MILFORD — Lon Kieffer stands behind a long desk on the second floor of the Milford Wellness Village and gestures to where the view leads.
The open concept allows him to see into 14 newly renovated rooms, which will house breathing machinery when the village’s ventilator unit opens Monday.
“I would love if every nurse in the state could see this,” Mr. Kieffer said.
The facility will be called “Spiritus,” a Latin word for “spirit” or “breathing.”
It occupies the same space the ICU did at Bayhealth’s former Milford Memorial Hospital, which has now become the Wellness Village. It is right down the hall from the Polaris Healthcare & Rehabilitation Center, designed for nursing home care, as well as short-term rehabilitation.
When the unit opens, it will be the first of its kind in the area.
“One of the biggest ideas conceptually for the village was to fill gaps, and this is a huge gap,” Mr. Kieffer said. “There’s no services like this ventilator unit service below upstate Delaware.”
Meir Gelley, president of Nationwide Healthcare Services, which bought the 266,000-square-foot campus in 2019, agreed.
“We’re here to help, not to be a competition,” he said. “I have yet to have somebody here saying, ‘You’re taking away my business’ or ‘You’re hurting us’ or ‘You’re duplicating us’ yet. Everything that we’re doing ... enhances the community. We created programs that were needed for the community.”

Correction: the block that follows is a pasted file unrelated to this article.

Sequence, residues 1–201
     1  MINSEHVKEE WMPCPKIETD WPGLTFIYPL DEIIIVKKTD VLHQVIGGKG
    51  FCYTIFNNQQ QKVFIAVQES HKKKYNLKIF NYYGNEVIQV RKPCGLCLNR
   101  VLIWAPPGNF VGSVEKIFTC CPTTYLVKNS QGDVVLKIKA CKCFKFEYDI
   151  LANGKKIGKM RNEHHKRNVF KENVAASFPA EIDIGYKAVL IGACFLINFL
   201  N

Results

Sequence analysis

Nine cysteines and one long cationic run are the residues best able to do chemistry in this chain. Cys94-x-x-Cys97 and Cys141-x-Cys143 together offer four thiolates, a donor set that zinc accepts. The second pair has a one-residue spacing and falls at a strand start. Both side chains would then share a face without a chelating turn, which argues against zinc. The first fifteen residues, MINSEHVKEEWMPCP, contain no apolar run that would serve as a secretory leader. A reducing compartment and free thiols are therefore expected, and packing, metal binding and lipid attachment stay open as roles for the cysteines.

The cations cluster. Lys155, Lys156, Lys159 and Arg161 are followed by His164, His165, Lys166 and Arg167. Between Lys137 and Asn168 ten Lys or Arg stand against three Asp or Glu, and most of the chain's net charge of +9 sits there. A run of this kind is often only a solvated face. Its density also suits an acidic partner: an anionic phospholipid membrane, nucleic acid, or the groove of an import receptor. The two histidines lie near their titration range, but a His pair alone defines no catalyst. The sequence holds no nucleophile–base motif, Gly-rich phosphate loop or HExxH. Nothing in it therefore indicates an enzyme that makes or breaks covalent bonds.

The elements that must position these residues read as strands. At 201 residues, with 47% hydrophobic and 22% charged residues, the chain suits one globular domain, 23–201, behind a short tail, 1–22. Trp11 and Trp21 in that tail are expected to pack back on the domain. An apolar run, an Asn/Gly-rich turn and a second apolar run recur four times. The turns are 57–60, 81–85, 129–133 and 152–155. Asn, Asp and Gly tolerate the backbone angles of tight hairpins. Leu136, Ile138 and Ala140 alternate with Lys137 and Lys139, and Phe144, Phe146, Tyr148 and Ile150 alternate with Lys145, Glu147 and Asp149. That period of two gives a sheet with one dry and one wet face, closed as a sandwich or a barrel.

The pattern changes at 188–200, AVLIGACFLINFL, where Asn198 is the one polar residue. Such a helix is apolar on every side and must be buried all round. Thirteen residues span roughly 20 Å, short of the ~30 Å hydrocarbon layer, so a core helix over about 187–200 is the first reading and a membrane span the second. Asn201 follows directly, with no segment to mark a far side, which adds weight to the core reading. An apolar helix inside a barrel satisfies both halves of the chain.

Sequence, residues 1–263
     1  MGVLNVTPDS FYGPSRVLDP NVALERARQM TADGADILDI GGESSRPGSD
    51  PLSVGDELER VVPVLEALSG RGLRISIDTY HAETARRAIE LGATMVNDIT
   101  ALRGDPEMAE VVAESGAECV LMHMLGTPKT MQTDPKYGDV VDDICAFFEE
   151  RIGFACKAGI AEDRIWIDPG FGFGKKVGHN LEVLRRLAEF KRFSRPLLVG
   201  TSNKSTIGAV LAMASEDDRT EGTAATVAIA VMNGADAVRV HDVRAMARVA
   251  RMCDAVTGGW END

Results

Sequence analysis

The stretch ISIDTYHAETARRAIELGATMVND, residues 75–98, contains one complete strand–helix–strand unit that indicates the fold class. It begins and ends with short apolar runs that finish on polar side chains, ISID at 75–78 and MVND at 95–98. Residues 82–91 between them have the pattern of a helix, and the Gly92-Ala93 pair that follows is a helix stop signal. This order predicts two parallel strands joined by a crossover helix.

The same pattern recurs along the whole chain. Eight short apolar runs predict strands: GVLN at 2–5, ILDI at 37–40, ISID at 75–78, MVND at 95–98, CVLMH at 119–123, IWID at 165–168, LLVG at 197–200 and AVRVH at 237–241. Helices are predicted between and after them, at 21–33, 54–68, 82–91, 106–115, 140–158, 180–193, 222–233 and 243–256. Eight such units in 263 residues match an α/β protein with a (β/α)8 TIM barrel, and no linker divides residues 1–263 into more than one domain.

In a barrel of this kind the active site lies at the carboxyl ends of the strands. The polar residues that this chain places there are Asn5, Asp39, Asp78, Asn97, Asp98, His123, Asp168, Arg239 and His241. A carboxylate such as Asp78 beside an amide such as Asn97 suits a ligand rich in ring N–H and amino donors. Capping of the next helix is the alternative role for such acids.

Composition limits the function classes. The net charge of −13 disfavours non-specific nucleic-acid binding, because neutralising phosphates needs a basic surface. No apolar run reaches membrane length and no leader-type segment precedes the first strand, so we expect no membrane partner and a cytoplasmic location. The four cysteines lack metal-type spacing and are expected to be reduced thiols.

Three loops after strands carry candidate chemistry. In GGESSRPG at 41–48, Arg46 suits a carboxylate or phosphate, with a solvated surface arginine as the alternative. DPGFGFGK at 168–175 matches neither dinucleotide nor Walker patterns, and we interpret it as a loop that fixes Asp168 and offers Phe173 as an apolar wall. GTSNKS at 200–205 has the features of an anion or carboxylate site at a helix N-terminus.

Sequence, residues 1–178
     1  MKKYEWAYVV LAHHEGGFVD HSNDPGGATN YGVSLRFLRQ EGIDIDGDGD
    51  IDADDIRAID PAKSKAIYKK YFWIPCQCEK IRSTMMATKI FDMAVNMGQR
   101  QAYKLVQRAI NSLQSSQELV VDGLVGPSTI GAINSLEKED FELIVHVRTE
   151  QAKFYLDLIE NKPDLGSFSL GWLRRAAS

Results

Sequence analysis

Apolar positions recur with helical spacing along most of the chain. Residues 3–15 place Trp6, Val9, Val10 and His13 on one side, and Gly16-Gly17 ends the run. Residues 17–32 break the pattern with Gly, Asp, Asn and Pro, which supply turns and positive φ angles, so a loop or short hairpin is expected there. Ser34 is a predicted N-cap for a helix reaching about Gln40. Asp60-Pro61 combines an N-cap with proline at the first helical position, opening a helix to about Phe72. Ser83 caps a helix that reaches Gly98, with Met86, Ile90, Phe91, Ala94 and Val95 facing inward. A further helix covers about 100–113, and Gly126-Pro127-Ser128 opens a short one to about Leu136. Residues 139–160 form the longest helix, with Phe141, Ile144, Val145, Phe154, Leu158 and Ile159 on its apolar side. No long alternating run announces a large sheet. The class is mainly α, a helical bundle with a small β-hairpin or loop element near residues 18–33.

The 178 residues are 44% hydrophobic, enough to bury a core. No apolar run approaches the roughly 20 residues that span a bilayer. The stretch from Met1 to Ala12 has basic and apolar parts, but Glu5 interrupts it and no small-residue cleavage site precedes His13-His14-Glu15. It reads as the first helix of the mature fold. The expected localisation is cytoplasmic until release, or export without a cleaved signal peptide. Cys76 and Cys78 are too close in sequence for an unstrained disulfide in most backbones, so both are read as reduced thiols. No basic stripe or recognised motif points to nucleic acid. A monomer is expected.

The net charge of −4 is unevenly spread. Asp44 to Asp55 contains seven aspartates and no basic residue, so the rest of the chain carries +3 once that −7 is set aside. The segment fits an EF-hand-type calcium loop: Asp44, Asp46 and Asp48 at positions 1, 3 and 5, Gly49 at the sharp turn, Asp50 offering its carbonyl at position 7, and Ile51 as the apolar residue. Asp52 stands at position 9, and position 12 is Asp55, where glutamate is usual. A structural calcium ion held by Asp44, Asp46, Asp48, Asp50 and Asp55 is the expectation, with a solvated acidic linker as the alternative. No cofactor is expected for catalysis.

Mr. Gelley added that the ventilator unit, part of Polaris, will be comprised of respiratory therapists, nurses, physicians and specialists who will determine a resident’s capacity for ventilator weaning and rehabilitation services. Each patient will have a individualized care plan to help reach desired outcomes and improve overall quality of life, he said.
The design of the unit, with all rooms in view of the main desk, allows staff to safely monitor and interact with all clients, Mr. Gelley said. Each room has a ventilator hookup on both sides of the bed, so it won’t have to be moved once a patient arrives.
The unit will treat those facing ventilator/tracheotomy dependency due to respiratory failure, neuromuscular disorders, cardiac disorders, post-op weaning failure, motor vehicle accidents, neurological disorders, multiple sclerosis, chest injuries and complications from pulmonary disorders.